FIG. 2.

Schematic of filter design. (Top) Size exclusion mechanism. (Bottom) Design parameters.

FIG. 2.

Schematic of filter design. (Top) Size exclusion mechanism. (Bottom) Design parameters.

Close modal
FIG. 3.

(a) Filter1 bifurcation design. (b) Filter2 bifurcation. (c) Filter3 bifurcation.

FIG. 3.

(a) Filter1 bifurcation design. (b) Filter2 bifurcation. (c) Filter3 bifurcation.

Close modal

The inertial separator is based on a design proposed and discussed by Di Carlo et al.4 (Fig. 4). The inertial separator is run at higher flow rates so that fluid inertia affects the particle behavior. The inertial flow regime falls in a Reynolds (Re) number range of 10–200. Re is defined here as

R e = ρ v D h μ f ,
(6)

where ρ is the fluid density, μ f is the fluid viscosity, D h is the hydraulic diameter of the channel, and v is the average flow velocity in the channel. Inertial lift forces and Dean drag forces introduced by the curving channels compete; both of these hydrodynamic forces depend on particle size. If the particle diameter is above a certain size cutoff, the inertial lift forces dominate and the particles will focus to a narrow band of streamlines by the end of the channel. If the particles are small, the Dean flow dominates and induces mixing in the channel as the direction of the drag changes with the curvature of the serpentine walls; thus, smaller particles remain unfocused by the end of the channel. The larger particles will leave via one or two of the multiple outlets and can be collected and used for other studies.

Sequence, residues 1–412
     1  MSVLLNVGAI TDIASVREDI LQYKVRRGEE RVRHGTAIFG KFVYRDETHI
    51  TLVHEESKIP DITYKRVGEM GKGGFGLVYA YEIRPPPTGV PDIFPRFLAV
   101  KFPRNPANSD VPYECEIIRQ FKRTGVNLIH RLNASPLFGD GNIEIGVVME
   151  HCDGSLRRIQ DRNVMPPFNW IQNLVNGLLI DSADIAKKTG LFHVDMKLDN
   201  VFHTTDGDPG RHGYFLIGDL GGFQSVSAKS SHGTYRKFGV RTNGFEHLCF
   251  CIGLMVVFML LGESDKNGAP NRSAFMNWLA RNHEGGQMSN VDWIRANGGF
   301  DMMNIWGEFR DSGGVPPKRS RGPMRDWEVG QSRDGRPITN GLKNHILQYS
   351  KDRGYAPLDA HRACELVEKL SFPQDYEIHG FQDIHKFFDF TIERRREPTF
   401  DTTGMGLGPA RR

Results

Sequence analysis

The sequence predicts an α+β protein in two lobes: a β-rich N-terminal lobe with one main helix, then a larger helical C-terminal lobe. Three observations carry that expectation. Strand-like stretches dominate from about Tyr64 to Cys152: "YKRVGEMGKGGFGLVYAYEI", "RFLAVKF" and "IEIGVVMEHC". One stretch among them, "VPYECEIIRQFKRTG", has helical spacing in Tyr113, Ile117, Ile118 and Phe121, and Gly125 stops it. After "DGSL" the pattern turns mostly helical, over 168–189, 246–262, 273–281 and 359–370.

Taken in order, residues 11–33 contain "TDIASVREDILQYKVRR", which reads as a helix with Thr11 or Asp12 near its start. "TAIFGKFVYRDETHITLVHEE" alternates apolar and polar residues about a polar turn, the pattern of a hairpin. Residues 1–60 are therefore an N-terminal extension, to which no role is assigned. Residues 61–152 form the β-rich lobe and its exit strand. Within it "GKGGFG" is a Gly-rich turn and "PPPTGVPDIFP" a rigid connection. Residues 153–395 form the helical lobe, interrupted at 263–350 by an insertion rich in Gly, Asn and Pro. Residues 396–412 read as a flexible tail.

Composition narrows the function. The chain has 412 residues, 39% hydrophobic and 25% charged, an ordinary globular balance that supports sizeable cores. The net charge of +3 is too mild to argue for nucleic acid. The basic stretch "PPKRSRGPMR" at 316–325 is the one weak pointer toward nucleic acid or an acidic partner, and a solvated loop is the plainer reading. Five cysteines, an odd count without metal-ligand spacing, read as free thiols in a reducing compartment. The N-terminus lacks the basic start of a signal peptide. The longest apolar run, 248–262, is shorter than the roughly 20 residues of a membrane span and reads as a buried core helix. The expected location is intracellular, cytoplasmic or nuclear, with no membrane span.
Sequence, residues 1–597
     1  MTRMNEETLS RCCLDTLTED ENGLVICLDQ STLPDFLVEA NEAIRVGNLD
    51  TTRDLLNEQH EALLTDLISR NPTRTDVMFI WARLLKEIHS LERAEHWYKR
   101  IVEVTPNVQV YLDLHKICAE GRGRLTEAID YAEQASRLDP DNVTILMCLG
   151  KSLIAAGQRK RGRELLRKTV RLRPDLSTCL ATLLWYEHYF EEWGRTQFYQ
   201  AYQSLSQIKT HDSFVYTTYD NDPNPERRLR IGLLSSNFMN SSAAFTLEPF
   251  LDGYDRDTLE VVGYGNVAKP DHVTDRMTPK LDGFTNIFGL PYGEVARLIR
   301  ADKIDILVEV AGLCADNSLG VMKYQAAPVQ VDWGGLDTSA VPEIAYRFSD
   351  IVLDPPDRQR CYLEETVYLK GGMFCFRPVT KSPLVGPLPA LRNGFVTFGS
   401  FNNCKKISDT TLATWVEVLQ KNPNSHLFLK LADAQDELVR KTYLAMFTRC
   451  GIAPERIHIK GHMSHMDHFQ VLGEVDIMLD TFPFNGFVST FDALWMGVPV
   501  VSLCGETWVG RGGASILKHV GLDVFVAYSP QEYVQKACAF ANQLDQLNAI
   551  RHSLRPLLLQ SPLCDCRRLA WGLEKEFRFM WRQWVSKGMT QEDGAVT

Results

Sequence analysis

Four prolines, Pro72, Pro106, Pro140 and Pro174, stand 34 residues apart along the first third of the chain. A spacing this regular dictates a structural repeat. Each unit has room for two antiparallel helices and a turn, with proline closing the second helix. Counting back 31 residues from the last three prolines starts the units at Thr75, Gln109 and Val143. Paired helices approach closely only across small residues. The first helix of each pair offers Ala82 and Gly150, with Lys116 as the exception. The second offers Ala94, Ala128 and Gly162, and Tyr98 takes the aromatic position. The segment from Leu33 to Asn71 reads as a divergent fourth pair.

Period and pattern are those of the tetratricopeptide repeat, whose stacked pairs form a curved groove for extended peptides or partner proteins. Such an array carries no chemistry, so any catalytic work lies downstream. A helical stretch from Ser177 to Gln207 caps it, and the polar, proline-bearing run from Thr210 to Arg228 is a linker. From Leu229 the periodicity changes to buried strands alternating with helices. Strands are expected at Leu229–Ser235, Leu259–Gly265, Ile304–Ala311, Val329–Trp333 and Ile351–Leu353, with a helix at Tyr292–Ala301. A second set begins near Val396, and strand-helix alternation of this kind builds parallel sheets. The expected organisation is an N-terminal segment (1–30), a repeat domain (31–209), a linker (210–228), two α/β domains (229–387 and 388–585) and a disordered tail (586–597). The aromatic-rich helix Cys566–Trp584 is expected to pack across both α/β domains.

FIG. 4.

Schematic of inertial separator design.

FIG. 4.

Schematic of inertial separator design.

Close modal

Deformability of vesicles introduces a lift force40 in addition to the inertial lift and Dean drag that rigid particles experience in these channels. In general, the lift force due to deformability directs the particle towards the channel center,41 although an investigation by Hur et al.42 reported observations of deformable droplets migrating to equilibrium positions that were closer than expected to the channel wall when the ratio of internal to external viscosity fell below a threshold value. While deformability may affect the final equilibrium positions of migrating particles, inertial focusing and Dean drag mixing are still observed in this system and others.4,43,44 Thus, the focusing behavior and separation behavior of vesicles in this device are expected to be similar to those of rigid spheres.

The device height for the inertial separator was modified to work with different suspensions of interest. Changing the height of the device allowed for different size cutoffs during the separation; a device height of 145 μm was chosen for the following vesicle and sphere experiments based on particle cutoff size calculations proposed by Di Carlo et al.4 The empirical relation for the hydraulic diameter ( D h ) and cut-off diameter ( a c ) is described by Di Carlo as follows:

D h 2 = D h 1 a c 2 a c 1 3 4 ,
(7)